DISCLAIMER: Fried Green Tomatoes at the Whistlestop Cafe is the property of Fannie Flagg.
CHALLENGE: Written for the Dead of Winter ficathon.
ARCHIVING: Only with the permission of the author.
Why She Stays
Ruth found Idgie down by the riverbank. The sun had set two hours ago and everything was pitch black now. The fireflies had even gone to bed. Idgie didn't say anything when Ruth sat beside her on a log, so Ruth said, "I baked a pie."
Idgie looked out at the black water. She asked, her voice sounding as far off as she was, "What kind?"
Idgie cocked her head. She asked, "Where'd we get peaches?"
"They came all the way from South Carolina on the train. It's summer, Idgie."
Idgie smiled faintly, looking at the river. "I know it's summer. Here." She leaned over and picked up a gutted fish laid out on a porcelain plate. "Try this."
Idgie had cut the fish meat into chunks the side of butter pats. She held one up to Ruth, and said, "Come on, try it."
"Maybe if it's fried in oil and salt and pepper."
"Try it," said Idgie.
Ruth wished she knew why she did anything Idgie asked, even when it would lead to her certain doom. She parted her lips, and kept her eyes on Idgie's. Idgie placed the fish pat in her mouth, and then cupped Ruth's jaw.
At first it didn't taste like anything. Ruth chewed. A slightly fishy taste came, coating her tongue, but behind it something lighter, like butter or cream, and the taste of the river itself, pure and wild. She swallowed.
Idgie dug a fork into the pie and found a peach. She scooped it out and fed it to Ruth.
Ruth gratefully let the more refined, carmelized taste of fruit clear away the fish. Idgie watched her. Ruth licked her lips and said, "Well, it wasn't--bad. But I cannot believe--"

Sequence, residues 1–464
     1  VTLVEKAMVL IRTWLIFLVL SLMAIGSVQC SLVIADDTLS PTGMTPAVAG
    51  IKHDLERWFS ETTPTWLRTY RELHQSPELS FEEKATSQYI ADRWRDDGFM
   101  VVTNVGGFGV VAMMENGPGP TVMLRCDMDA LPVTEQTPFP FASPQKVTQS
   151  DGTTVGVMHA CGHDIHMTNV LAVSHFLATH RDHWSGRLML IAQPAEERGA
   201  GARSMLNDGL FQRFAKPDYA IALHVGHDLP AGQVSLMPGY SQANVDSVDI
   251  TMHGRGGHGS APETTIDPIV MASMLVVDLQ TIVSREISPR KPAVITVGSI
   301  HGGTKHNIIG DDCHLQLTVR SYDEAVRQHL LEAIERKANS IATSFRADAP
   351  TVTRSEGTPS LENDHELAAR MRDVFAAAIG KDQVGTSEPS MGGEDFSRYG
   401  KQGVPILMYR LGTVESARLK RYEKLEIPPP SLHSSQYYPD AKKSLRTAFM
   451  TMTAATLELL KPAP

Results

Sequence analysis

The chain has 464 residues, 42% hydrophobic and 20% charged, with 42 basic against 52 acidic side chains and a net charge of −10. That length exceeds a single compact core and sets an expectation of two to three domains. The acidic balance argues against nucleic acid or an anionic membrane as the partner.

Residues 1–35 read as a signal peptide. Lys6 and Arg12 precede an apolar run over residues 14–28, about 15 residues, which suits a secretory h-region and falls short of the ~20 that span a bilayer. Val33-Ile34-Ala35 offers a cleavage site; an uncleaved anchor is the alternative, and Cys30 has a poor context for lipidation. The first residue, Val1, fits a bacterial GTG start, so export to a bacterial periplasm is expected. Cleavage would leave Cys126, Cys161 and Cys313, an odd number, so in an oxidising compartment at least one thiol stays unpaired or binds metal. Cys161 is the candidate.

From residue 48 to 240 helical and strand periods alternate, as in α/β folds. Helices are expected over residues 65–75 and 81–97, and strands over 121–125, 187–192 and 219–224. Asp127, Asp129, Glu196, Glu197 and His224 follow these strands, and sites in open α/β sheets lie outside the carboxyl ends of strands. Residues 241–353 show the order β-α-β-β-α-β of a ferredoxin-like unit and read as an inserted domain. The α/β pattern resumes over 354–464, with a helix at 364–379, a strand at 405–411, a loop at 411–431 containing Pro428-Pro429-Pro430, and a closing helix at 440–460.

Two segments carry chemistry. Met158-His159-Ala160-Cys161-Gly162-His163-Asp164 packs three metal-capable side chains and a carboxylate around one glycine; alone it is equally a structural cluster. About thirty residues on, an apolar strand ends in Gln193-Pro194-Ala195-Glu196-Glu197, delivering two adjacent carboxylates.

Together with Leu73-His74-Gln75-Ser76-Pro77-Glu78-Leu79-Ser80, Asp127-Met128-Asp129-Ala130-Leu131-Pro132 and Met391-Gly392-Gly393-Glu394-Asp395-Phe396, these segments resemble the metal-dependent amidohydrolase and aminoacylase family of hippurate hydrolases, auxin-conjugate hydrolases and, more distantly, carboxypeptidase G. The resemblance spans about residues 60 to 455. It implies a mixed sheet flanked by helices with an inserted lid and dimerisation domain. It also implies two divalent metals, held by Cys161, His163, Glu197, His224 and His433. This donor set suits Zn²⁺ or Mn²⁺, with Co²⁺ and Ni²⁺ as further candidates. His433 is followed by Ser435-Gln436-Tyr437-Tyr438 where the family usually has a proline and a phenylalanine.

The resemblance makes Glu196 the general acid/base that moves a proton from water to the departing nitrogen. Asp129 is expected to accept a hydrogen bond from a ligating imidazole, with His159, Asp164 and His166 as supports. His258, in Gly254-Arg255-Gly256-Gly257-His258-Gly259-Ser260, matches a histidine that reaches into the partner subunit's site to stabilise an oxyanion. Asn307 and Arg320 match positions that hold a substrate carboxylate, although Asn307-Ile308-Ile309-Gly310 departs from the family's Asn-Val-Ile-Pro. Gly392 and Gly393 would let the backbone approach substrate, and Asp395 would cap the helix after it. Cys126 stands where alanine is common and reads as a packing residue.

She was silenced by Idgie's mouth covering hers. A tender, forceful kiss kept her lips apart. Idgie stroked her face. She sighed and let Idgie kiss her, and as her heart began to pound, finally met Idgie's intruding tongue with her own. Idgie made a moaning sound that vibrated across her lips.
Ruth cupped Idgie's neck between her hands, and let her tongue steal into Idgie's open mouth.
"Tickles," said Idgie, leaning away and grinning. Ruth dug her fingers into the pie and scooped up filling. She pressed it against Idgie's mouth. Idgie grabbed her wrist and nibbled at her hand.
"I used to be a lady, you know," said Ruth, laughing. "Now I'm eating raw fish on a muddy riverbank."
"You're still a lady. You could have had more," said Idgie. "So much more than this." She looked out over the river. The water smelled foul. The trees bent over with the weight of age and disease. It wasn't exactly her idea of paradise, but the roads didn't lead to anywhere better.
Ruth laughed. Her laughter sounded as light as rain falling onto the river, washing away the stagnation, making everything fresh again. She took Idgie's hands. "Idgie."
Idgie lifted her chin.
Ruth said, "Idgie. You're the closest to freedom I'm ever going to get. Where else am I going to go?"
"Anywhere you wanted," said Idgie.